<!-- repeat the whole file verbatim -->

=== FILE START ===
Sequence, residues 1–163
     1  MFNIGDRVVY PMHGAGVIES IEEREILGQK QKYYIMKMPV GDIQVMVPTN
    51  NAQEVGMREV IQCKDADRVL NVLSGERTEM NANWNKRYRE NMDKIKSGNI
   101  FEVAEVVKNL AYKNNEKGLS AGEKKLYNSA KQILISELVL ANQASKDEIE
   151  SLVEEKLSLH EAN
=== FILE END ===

Sequence, residues 1–163
     1  MFNIGDRVVY PMHGAGVIES IEEREILGQK QKYYIMKMPV GDIQVMVPTN
    51  NAQEVGMREV IQCKDADRVL NVLSGERTEM NANWNKRYRE NMDKIKSGNI
   101  FEVAEVVKNL AYKNNEKGLS AGEKKLYNSA KQILISELVL ANQASKDEIE
   151  SLVEEKLSLH EAN